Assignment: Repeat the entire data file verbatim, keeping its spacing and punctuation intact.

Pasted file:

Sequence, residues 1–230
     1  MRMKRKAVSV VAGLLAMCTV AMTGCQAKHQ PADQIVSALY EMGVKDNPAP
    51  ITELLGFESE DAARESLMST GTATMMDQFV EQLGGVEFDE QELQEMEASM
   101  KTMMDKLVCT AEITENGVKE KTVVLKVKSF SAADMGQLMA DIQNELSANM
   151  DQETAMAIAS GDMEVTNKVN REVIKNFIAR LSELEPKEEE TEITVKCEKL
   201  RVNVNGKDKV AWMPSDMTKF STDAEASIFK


Sequence, residues 1–230
     1  MRMKRKAVSV VAGLLAMCTV AMTGCQAKHQ PADQIVSALY EMGVKDNPAP
    51  ITELLGFESE DAARESLMST GTATMMDQFV EQLGGVEFDE QELQEMEASM
   101  KTMMDKLVCT AEITENGVKE KTVVLKVKSF SAADMGQLMA DIQNELSANM
   151  DQETAMAIAS GDMEVTNKVN REVIKNFIAR LSELEPKEEE TEITVKCEKL
   201  RVNVNGKDKV AWMPSDMTKF STDAEASIFK